My hope for the biennial is to find it a home base and consistent financial support, in order to sustain its future.


Katya Grokhovsky, The Future is Bright, 2019, photo Walter Wlodarczyk


Katya Grokhovsky, System Failure, 2018, photo Walter Wlodarczyk

Born and raised in Ukraine, Katya Grokhovsky is a New York-based artist and educator. Grokhovsky received an M.F.A from the School of the Art Institute of Chicago, a B.F.A from Victorian College of the Arts, Melbourne University, Australia and a B.A (Honors) in Fashion from Royal Melbourne Institute of Technology, Australia. Grokhovsky’s work has been supported through numerous residencies including The Elizabeth Foundation for the Arts (EFA) Studio Program, Sculpture Space, Tiger Strikes Asteroid NYC STAR Residency, SVA MFA Art Practice AIR, Pratt Fine Arts Department AIR, The Museum of Arts and Design Studio Program, BRICworkspace Residency, Ox-BOW School of Art Residency, Wassaic Artist Residency, Atlantic Center for the Arts AIR, Saltonstall Foundation for the Arts Fellowship AIR, Studios at MASS MoCA, NARS Residency Fellowship, Santa Fe Art Institute Residency, Watermill Center, and more. She has been awarded the New American Fellowship, Brooklyn Arts Council Grants, NYFA Fiscal Sponsorship, ArtSlant 2017 Prize, Asylum Arts Grant, Australian Council for the Arts Grant, and Freedman Traveling Scholarship for Emerging Artists, among others. Past exhibitions and performances include Smack Mellon, BRIC Biennial, FLUX factory, EFA Project Space, Equity gallery, Queens Museum, MAD Museum and more. Grokhovsky is a Founding Director of The Immigrant Artist Biennial (est.2019).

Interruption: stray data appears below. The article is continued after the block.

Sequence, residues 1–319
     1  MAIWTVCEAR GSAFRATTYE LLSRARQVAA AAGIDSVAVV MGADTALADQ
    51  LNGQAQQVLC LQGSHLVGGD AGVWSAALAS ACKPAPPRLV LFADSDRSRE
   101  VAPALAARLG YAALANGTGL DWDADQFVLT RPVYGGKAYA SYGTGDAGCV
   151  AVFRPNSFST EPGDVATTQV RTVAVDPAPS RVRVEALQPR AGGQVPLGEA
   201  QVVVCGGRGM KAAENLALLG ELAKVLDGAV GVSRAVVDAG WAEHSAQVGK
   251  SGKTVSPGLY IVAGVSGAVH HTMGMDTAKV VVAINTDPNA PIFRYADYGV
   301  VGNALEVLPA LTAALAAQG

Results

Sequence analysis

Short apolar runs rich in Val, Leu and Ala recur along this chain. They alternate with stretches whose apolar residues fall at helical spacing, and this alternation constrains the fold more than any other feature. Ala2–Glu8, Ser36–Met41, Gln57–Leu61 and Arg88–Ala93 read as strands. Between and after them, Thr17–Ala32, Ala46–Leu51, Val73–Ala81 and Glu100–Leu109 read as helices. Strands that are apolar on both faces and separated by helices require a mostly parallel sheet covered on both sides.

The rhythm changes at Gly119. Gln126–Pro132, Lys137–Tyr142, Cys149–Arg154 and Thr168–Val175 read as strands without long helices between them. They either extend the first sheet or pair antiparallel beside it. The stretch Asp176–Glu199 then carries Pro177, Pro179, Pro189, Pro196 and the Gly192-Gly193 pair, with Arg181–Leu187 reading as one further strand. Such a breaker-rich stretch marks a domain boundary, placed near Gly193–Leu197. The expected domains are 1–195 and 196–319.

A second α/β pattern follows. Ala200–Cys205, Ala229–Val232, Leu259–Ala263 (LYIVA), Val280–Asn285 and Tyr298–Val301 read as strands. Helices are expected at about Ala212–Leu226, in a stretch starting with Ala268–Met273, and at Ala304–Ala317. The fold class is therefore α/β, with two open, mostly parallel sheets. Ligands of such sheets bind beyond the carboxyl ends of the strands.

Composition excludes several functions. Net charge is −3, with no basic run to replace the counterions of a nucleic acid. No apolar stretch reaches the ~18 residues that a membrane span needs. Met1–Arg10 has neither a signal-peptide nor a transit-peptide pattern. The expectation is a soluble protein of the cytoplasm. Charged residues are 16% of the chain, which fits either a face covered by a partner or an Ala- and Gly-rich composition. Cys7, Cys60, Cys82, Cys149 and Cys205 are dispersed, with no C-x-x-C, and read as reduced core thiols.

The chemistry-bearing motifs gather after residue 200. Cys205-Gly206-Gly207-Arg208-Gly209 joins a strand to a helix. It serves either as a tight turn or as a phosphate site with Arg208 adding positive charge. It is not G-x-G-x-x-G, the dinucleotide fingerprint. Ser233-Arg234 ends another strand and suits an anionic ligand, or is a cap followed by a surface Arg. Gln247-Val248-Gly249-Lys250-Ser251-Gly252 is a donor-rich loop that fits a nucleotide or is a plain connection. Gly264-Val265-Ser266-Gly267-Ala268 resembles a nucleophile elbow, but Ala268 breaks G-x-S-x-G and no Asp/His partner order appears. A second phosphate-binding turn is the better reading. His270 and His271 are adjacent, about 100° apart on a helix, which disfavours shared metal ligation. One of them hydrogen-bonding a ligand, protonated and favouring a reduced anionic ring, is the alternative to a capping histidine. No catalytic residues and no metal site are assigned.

Katya Grokhovsky, Fantasyland, 2021, photo Walter Wlodarczyk

Katya Grokhovsky:




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All pictures courtesy and copyright of Katya Grokhovsky